I read the tech press not for information, but for comic relief. In fact, they should use Comic Sans font on their blogs just to emphasize the point. The sheer inanity of it all led me to post last month the top ten most annoying memes in the startup scene, but I clearly could…
included Amazon’s foray into the whole tablet thing (photo here) will be a totally affordable $199 and based on a slick Android-based interface that’s been face-lifted specifically for this freakin’ tablet.
missing It’s only 7 inches — a bit small for you iPad fans — and lacks such amenities as a microphone or camera. On top of this, the device is wifi-only — no 3G. Is no 3G a deal-breaker, guys? source
When I was reading this New Atlantis article on self-help, I found mention of Ben Franklin’s ingenious plan for becoming a better writer: imitation, summary, repeated practice. He set up lessons for himself, varying ways of copying from The Spectator…
One method was picking an essay, summarizing every sentence with a brief “hint”, setting those summaries aside for a while, and then trying to recreate the essays from his own notes. Then he’d compare to the original and see where he came up short.
Sometimes he’d put these hints on separate sheets, jumble them all up, and set them aside for a few weeks. Then he’d try to re-order them and re-write the essay, and compare his with the original.
To work on his vocabulary, he transformed the prose stories into poetry, waited a while so the memory was no longer fresh, and then turned them back into prose again.
Dang. Who has time for all that? Basically everyone with discipline: “My time for these exercises and for reading was at night, after work or before it began in the morning, or on Sundays, when I contrived to be in the printing-house alone, evading as much as I could the common attendance on public worship…”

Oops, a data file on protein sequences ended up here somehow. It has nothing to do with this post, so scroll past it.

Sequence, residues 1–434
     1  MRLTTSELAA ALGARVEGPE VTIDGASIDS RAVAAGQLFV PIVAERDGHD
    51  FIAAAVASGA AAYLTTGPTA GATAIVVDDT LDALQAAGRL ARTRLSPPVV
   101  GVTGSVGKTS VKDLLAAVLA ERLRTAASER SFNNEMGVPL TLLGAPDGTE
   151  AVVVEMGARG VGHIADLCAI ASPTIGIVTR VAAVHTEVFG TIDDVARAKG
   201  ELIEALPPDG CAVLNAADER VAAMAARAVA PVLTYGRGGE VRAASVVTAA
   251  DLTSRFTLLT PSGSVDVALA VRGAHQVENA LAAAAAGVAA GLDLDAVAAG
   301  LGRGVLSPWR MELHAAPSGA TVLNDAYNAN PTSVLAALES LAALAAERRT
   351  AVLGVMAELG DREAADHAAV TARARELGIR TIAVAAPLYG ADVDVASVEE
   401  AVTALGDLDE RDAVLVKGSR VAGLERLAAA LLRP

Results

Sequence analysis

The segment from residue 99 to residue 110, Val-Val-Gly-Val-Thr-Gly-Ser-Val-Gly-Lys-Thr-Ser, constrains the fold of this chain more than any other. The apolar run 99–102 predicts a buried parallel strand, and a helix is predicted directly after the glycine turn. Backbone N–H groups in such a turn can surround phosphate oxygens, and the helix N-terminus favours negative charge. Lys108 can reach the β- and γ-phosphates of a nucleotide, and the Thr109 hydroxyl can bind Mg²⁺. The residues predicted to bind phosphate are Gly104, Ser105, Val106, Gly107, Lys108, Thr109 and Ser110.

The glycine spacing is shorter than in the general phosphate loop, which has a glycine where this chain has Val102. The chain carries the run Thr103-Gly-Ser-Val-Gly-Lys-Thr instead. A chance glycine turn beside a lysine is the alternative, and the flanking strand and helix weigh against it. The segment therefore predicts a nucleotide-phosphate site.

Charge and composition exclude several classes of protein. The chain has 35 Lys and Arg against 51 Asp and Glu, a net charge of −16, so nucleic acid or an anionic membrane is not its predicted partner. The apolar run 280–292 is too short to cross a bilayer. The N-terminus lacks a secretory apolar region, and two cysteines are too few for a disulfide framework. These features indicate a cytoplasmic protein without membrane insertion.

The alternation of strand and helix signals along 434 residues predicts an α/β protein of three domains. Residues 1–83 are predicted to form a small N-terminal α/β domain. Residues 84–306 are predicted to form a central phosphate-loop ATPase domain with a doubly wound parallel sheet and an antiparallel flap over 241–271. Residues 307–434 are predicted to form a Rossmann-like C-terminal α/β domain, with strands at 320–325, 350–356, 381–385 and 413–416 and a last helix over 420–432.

The Facebook Editions initiative, part of Facebook’s “Read, Watch, Listen” strategy, is aimed at keeping more media consumption within its borders. While details are still emerging, the idea is that Facebook users will be able to download apps containing content from their favorite…
“Facebook is no paragon of virtue. It bears the hallmarks of the kind of pump-and-dump service that sees us as sticky, monetizable eyeballs in need of pimping. The clue is in the steady stream of e-mails you get from Facebook: “So-and-so has sent you a message.” Yeah, what is it? Facebook isn’t telling—you have to visit Facebook to find out, generate a banner impression, and read and write your messages using the halt-and-lame Facebook interface, which lags even end-of-lifed e-mail clients like Eudora for composing, reading, filtering, archiving, and searching. E-mails from Facebook aren’t helpful messages; they’re eyeball bait, intended to send you off to the Facebook site, only to discover that Fred wrote “Hi again!” on your “wall.” Like other “social” apps (cough eVite cough), Facebook has all the social graces of a nose-picking, hyperactive six-year-old, standing at the threshold of your attention and chanting, “I know something, I know something, I know something, won’t tell you what it is!””—